Since the SAC report included metrics on enrollment, let’s quickly address that: BUSD currently has  328 high school students in its new high school (completed 2016) located on the Sullivan Campus in Bonsall, next door to the Ocean Breeze property. The SAC report projects another 375 for a total of 703 high school students for 2021-22. It projects 480 high school students in 2019-20. This raises eyebrows since BUSD just recently projected only 352 high school students for the years 2019-20. This is not the first time we’ve seen conflicting numbers or read reports with overly robust projections for high schools in Fallbrook or Bonsall (see the History section of this website). There is no mention in the SAC report that BUSD enrollment for grades K-3 and 4-6 has declined or that BUSD is currently operating at less than 80% of capacity. No mention that Fallbrook Union High School District’s enrollment has plummeted by more than 20% over the last decade or that San Marcos and Valley View have announced they’re laying off teachers (overbuilt, overstaffed, under-enrolled). There are  32 high schools in the area built and maintained by taxpayer dollars; plus another 15 privately funded high schools. 

Moving on, the Agenda for Jan 11 includes Item 9.1, a $100,000+ contract for bond advisors to provide a survey and campaign services so it looks like BUSD will try to barrel on forward and attempt to pass a bond in 2018.  This will be attempt #6 to pass a bond to build a high school on Gird Road. (Update Jan 11: Due to the efforts of financially conservative board members Tucker and Olson, the board approved $3,500 for a limited contract for  Step One: a 400-person survey to determine if there is any support for passing a bond in 2018 and if the location on Gird is why this issue has lost five times in the past. Board members requested input into the questions. Here are the questions we’d like to see asked.)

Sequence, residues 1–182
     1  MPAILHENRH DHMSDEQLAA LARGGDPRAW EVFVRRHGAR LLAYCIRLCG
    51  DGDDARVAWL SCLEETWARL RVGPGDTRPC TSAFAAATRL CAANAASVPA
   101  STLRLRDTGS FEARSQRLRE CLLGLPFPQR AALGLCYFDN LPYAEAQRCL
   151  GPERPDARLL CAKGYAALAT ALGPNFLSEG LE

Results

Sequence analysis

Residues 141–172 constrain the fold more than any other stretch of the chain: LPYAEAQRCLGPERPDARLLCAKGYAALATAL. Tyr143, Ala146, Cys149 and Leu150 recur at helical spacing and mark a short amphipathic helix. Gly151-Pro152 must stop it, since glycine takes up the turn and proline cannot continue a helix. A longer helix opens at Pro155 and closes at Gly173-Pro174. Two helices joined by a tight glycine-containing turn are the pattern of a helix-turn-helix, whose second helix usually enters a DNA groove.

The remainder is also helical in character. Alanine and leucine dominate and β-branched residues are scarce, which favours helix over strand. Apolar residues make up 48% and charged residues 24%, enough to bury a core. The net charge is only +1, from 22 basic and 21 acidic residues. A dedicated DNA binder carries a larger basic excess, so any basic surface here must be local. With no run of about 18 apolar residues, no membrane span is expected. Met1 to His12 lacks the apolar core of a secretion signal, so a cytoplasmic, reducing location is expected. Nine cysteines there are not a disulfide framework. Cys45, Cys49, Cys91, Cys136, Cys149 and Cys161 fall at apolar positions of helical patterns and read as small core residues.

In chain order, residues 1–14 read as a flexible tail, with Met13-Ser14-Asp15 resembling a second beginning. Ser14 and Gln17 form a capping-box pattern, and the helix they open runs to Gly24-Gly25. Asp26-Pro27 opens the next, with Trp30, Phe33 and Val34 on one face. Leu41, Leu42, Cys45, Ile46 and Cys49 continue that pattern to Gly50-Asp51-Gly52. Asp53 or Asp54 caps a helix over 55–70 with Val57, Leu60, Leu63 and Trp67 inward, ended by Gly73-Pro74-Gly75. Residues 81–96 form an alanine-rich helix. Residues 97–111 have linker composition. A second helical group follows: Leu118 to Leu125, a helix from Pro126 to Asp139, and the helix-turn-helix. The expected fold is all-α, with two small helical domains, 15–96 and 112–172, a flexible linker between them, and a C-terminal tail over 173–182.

It only took us six months but we finally found out what the last Superintendent was actually paid in 2016. It’s a shocker!

In 2015, The San Diego Union Tribune commented  on Dr. Justin Cunningham’s Superintendent’s salary, benefits and pension ($191,000 for overseeing a 2,300-student school district) in an article entitled “Some superintendent salaries rising to the extreme.” Here’s the snippet from the article:

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Superintendent Justin Cunningham signed a 3 year contract in 2015 for approximately $170k plus benefits. In 2016, the Board approved raises for staff, increasing the Superintendent’s base pay to $178k. However TransparentCalifornia reveals Superintendent Cunningham was actually paid a shocking $281k in 2016, more than the Governor of California! It took SaveGirdValley.com six months and dozens of emails to BUSD to finally see the correct figures for 2016 posted to TransparentCalifornia. Cunningham retired in 2017, saying he had a bad knee. His pension will be based on this very high salary. Interestingly, pensions for County employees with 25 years on the job max out at 40.5% of their salaries (recently reduced from 57.5%) but the Village News reported Cunningham’s taxpayer-funded pension will be 80 to 85% of his salary.

So how did Dr. Cunningham manage to take $281k out of a financially struggling small school district in 2016, bumping up his pension in the process? How did this happen? That’s a good question.